I am an Italian citizen looking to move to the United States at some point next year; my fiancée submitted a petition for a K-1 Visa and we're waiting for it to be processed.

I have done a little reading on how credit score works in the US and I think I have a decent idea of what I can do once I have my Visa and have moved.

That being said, is there anything I can do prior to that while still in Italy, to start building a credit score? Also, I've had a prepaid card (maximum amount allowed on it is €10000) for almost 10 years now, and more recently opened an account with debit card: is there any way I can transfer that history to the US?

  • "I've had a prepaid card ... for almost 10 years now" Prepaid cards do not affect your credit score, since there's no credit involved.
    – RonJohn
    Oct 18, 2017 at 13:38
  • I'm slightly confused: I get that, yet there seems to be some confusion online: some sources suggest prepaid credit cards to start building a credit score; some specify that only some prepaid cards build one's credit score; some yet say that there is absolutely no way to build credit with prepaid cards. Do you know for certain that the latter is in fact the truth? Thank you!
    – Michele C
    Oct 18, 2017 at 14:12
  • There's no such thing as a prepaid credit card, by the very definition of what the word "credit" means (buy now, pay later). This is in contrast to a prepaid card, which a stored value ("pay now, buy later") card. They're as opposite as fire and water.
    – RonJohn
    Oct 18, 2017 at 14:39
  • True enough, I should have written that in quotes because I was directly mentioning what some sources call them. It's widely used as a marketing term; I suppose that's to convey the concept that yes it's prepaid, but it lets you do pretty much everything else a credit card does. Or so they are trying to tell customers!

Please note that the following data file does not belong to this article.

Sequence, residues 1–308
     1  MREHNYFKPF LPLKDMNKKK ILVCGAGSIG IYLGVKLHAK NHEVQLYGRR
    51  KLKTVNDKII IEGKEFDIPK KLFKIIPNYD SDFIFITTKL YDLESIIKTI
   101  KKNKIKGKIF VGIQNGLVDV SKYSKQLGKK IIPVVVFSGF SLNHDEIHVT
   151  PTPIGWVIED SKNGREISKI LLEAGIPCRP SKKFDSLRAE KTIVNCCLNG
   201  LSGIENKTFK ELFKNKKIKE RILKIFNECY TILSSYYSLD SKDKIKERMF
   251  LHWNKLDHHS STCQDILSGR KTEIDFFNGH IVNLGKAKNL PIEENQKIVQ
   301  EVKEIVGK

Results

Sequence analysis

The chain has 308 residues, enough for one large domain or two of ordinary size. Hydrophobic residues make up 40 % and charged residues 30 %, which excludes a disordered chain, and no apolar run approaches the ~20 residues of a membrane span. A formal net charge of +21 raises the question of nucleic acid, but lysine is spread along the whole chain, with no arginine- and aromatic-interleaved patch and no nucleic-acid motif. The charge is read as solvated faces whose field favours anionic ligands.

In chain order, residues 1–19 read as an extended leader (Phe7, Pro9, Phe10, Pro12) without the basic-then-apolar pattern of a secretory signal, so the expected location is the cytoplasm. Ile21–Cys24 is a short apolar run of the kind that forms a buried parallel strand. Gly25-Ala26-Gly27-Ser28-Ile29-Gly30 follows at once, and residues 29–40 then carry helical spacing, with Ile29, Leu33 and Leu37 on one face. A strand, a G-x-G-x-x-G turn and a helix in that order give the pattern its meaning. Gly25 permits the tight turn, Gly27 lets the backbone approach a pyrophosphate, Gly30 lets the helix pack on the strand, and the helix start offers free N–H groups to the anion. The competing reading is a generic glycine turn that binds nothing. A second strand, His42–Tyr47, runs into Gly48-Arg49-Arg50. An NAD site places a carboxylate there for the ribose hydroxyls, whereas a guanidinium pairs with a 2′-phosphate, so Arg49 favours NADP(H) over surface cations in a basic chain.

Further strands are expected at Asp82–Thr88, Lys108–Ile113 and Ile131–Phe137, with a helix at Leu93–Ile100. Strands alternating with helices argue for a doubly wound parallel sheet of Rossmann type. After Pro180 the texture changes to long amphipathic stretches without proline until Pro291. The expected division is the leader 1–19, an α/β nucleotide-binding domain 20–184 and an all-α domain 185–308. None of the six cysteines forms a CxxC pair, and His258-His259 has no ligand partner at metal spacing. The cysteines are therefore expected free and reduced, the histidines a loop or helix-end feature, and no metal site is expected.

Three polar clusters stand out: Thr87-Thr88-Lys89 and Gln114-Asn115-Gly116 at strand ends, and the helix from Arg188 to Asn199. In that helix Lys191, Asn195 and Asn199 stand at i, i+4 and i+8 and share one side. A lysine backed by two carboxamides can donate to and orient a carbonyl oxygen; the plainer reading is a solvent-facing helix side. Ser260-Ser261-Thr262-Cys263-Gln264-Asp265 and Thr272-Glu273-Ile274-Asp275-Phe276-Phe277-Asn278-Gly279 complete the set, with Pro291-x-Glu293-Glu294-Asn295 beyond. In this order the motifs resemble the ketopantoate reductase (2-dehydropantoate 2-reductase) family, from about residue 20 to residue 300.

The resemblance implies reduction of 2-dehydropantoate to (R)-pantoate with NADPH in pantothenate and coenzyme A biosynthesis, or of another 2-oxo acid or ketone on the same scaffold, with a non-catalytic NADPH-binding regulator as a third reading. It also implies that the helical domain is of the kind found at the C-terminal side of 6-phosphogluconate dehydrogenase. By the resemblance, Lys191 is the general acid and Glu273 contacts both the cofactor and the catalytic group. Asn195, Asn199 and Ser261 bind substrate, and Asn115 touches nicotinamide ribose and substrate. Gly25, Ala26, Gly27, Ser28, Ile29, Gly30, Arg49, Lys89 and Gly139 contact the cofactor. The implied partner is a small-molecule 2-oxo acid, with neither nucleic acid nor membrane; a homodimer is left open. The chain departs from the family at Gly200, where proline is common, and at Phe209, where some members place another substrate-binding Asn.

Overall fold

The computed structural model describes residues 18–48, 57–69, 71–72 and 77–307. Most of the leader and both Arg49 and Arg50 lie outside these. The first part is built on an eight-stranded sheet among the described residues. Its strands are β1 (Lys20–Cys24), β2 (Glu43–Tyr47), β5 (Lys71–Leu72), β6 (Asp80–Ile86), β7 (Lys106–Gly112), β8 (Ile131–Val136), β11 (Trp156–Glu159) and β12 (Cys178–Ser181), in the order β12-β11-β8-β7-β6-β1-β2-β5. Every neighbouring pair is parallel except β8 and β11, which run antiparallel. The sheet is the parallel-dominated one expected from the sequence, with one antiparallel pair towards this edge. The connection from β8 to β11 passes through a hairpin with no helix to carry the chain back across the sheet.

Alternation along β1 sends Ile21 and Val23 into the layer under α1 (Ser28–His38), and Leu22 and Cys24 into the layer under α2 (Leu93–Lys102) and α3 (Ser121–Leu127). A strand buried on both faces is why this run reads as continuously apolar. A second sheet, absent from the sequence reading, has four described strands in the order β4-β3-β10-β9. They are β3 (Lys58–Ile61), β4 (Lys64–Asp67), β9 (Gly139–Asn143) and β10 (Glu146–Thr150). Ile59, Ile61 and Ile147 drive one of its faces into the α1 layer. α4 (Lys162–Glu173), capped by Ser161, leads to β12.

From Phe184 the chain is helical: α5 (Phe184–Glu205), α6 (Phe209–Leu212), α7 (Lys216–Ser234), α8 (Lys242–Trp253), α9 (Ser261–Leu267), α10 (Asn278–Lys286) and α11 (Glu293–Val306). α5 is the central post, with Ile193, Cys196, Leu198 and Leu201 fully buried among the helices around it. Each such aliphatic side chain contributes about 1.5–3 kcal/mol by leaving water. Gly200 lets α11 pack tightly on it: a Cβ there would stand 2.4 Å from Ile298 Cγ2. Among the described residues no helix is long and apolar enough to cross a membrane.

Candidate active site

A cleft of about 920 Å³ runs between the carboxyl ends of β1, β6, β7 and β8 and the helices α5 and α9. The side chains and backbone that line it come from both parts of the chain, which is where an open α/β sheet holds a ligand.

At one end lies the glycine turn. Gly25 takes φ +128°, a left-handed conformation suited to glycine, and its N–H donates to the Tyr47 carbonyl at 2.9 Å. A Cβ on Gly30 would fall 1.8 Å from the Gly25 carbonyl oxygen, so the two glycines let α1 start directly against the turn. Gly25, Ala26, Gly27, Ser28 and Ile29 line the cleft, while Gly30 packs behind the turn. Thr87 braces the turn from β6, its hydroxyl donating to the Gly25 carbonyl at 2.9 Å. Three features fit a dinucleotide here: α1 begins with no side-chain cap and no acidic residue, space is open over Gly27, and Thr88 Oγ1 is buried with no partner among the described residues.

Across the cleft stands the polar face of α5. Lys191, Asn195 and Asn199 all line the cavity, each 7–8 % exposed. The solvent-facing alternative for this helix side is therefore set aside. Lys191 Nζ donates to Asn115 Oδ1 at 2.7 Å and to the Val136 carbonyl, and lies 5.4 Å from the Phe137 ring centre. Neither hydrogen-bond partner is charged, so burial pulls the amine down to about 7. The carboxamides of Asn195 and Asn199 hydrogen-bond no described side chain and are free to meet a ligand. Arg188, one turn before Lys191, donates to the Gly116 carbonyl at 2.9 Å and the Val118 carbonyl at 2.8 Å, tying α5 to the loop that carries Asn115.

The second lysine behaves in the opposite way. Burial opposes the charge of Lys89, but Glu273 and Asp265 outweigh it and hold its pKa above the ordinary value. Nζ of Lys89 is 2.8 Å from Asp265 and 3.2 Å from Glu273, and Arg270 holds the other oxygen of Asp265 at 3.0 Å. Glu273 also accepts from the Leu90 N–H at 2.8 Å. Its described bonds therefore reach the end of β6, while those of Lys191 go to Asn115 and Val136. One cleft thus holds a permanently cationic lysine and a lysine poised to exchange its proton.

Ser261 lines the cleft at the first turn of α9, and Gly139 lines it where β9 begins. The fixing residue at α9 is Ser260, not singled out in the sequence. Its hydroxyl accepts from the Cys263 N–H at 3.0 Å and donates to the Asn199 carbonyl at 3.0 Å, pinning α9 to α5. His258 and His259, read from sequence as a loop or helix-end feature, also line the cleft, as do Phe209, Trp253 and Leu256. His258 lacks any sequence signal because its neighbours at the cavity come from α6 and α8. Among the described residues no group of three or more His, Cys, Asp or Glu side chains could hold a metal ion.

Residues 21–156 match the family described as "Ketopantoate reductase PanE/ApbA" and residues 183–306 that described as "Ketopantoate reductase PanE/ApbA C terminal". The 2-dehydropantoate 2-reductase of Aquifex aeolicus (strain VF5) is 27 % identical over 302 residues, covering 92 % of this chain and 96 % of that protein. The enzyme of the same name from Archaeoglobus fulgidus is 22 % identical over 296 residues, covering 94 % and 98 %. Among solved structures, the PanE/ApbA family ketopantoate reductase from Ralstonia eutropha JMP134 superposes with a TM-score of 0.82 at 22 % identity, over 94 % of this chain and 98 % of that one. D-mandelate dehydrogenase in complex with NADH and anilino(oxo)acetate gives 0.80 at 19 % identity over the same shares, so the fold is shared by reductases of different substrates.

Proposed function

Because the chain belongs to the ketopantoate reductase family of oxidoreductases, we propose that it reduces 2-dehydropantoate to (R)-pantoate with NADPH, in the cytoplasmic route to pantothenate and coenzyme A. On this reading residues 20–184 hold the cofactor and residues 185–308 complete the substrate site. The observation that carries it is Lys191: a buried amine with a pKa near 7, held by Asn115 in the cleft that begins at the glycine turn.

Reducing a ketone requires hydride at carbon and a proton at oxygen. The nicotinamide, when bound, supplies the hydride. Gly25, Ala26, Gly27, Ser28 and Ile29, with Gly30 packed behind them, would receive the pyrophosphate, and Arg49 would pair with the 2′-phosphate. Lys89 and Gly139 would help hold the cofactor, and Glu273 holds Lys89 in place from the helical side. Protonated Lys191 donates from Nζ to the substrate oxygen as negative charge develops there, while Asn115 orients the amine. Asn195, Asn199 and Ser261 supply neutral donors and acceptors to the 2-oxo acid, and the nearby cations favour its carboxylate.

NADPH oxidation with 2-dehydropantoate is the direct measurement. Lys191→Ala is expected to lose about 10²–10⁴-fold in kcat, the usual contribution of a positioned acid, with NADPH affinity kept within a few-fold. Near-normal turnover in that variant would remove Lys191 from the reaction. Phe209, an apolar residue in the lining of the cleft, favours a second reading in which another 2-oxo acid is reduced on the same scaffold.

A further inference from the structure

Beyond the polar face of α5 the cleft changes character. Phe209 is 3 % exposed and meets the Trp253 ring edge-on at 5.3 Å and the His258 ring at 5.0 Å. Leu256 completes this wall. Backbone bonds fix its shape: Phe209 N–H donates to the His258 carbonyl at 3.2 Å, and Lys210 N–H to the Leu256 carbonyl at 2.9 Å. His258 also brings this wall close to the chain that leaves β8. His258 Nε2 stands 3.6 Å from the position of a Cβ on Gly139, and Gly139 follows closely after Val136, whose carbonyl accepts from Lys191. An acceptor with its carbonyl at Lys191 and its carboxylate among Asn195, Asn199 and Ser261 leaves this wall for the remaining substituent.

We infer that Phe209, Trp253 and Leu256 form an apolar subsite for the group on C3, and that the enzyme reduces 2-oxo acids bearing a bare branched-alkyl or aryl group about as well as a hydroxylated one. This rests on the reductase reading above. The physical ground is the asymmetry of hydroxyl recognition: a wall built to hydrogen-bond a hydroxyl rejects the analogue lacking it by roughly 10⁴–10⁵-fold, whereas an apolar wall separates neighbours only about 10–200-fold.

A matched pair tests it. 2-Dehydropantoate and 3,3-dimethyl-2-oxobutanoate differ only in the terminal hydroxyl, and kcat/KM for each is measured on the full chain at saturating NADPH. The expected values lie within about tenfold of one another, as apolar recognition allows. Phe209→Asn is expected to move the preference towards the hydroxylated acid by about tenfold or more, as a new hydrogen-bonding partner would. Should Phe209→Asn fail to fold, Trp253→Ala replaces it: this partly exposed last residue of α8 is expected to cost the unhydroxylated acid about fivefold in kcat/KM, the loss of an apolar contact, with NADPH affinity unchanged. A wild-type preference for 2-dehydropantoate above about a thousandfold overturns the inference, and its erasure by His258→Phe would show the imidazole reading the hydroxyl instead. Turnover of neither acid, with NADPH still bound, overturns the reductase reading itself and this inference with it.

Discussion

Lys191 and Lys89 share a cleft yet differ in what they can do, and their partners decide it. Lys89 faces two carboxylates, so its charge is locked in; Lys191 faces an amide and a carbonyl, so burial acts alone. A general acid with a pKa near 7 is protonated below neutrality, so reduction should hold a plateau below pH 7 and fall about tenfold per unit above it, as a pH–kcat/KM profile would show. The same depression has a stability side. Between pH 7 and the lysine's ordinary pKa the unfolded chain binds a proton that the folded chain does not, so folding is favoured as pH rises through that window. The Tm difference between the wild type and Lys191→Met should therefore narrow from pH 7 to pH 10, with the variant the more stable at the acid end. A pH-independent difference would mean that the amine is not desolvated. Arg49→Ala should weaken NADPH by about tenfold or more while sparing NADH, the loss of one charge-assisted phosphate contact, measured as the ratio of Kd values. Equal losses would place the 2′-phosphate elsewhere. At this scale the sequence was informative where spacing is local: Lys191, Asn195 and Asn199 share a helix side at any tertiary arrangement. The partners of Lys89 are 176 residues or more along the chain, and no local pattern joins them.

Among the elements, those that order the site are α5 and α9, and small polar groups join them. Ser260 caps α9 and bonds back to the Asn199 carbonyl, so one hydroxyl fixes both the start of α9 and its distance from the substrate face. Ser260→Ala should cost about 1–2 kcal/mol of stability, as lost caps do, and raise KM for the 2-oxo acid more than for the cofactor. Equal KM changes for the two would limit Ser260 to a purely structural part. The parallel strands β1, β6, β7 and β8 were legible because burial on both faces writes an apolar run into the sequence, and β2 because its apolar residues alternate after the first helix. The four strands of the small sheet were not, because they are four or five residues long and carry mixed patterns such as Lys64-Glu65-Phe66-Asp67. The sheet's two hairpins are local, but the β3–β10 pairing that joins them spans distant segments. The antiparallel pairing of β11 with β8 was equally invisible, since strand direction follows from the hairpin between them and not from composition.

– Michele C
    Oct 19, 2017 at 7:57
  • 1
    Michele, nothing like that in the US.
    – RonJohn
    Oct 19, 2017 at 12:54

1 Answer 1


It sounds like you can try and obtain a credit card and establish credit history as a non-US citizen/resident.

Lucky for you, issuers can’t legally require you to provide a Social Security number if you don’t have one, according to the Social Security Administration. Instead, you can use an individual taxpayer identification number (ITIN), which is another nine-digit identifier that functions similarly to a Social Security number.

However, I would assume that you need a US address. In compliance with the Patriot Act, merchants are required to collect identifying information for all individuals who submit a credit application.

As far as transferring credit score:

Even if you had a positive credit history in your country of origin, foreign credit history can’t be transferred to the United States.

  • Thanks for the answer! That's what I thought, but I found this answer mentioning an alternative for Canadians: money.stackexchange.com/a/61655/63850, so I had a little hope there would be something similar for a poor European as well :)
    – Michele C
    Oct 18, 2017 at 14:14
  • 1
    Can you cite a source that an SSN is required for a credit score? I question the answer because even American citizens do not have to have a social security number. The IRS will issue an EIN instead and it does not absolve the person from paying social security taxes. It also makes applying for things that require SSNs tedious.
    – Freiheit
    Oct 18, 2017 at 14:26
  • SSN is not needed. An ITIN or EAN works too, And you can get an ITIN as a non-American living not in America - as soon as you owe taxes.
    – Aganju
    Oct 18, 2017 at 14:38
  • @Aganju Yes, you're correct. I updated my answer after more research.
    – Michael
    Oct 18, 2017 at 14:39
  • From my limited understanding,my best chance right now would be to request an ITIN either as "Nonresident alien required to get an ITIN to claim tax treaty benefit" or "Nonresident alien filing a U.S. federal tax return". My Italian brain suggests that the first could be meant as "I would be eligible to claim tax treaty benefit if I had a US-based income", but that is probably wrong... I guess I could find some freelance work with someone in the US (I'm a programmer) and request an ITIN in relation to that income, but it seems not worth it if I'm moving in 8 months or so.
    – Michele C
    Oct 19, 2017 at 9:25

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